Today’s Sun Sentinel printed Florida Foreclosure Defense Attorney Roy Oppenheim’s 300 word commentary :
The South Florida Law Blog shares the longer version with its readers.
A Letter to the Editor:
As the Occupy Wall Street demonstrations continue to grow, and the news embargo concerning such demonstrations has lifted, there seems to be a pervasive and pernicious sense that something is wrong with the State of Democracy, and from this several themes have developed within the protests. While various interest groups are now using these demonstrations as an attempt to bring their particular issues to the forefront, the two issues that are of most interest to me are the following:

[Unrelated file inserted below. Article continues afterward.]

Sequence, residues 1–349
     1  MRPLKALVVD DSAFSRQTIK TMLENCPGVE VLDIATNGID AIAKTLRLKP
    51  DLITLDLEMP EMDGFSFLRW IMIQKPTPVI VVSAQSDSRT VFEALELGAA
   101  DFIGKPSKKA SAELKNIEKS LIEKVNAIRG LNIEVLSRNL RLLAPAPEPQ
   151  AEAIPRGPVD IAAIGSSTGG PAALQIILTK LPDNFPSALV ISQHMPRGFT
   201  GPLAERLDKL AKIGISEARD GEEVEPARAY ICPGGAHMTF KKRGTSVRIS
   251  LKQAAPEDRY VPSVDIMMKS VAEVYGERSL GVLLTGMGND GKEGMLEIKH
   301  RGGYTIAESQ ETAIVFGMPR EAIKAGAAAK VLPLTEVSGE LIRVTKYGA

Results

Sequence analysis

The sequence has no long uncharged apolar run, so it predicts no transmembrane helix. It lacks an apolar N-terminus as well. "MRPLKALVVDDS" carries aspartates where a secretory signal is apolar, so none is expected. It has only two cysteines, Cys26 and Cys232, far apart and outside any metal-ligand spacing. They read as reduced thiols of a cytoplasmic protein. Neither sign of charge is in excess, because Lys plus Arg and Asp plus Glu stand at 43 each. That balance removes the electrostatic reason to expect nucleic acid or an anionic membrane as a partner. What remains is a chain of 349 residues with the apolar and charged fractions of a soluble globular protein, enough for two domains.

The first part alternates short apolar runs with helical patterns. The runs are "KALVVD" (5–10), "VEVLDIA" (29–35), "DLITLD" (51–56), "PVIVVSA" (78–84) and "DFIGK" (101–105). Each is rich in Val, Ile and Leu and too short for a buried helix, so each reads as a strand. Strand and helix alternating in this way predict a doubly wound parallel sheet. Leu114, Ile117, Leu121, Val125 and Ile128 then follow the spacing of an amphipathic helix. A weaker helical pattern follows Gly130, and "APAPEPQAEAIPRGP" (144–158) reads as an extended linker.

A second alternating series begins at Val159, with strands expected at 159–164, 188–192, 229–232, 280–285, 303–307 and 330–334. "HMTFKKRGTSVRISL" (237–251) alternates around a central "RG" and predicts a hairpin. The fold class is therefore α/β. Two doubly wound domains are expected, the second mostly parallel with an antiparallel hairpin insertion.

If corporations are now to be treated under the eyes of the law more and more like people, thus having similar free speech rights and rights to contribute to political campaigns, then the legal system must adapt and morph to make sure that when corporations, as an enterprise, commit fraud or a crime that not only are individuals punished, but that effectively the corporation, through its bondholders and management, are punished too. In the past, most of the criminal liability has been centered upon individuals within a corporation, and thus a particular individual was removed from the corporation for criminal actions. However, the modern trend within corporations makes this less effective, such as for big banks and Wall Street, which have committed systemic fraud and criminal activity. Such institutions have a sense of arrogance that they are too big to fail, and too big to be governed. The polity needs to re-evaluate what methods and mechanisms are available as a legal and political matter to reign in and govern clearly systemic corrupt behavior either by an entire enterprise or by an entire industry. Obviously what comes to mind is the whole foreclosure fraud crisis that is systemic in nature and has infected and polluted our entire political system. Thus, the question arising is what to do with corrupt enterprises where punishing a few individuals is no longer effective.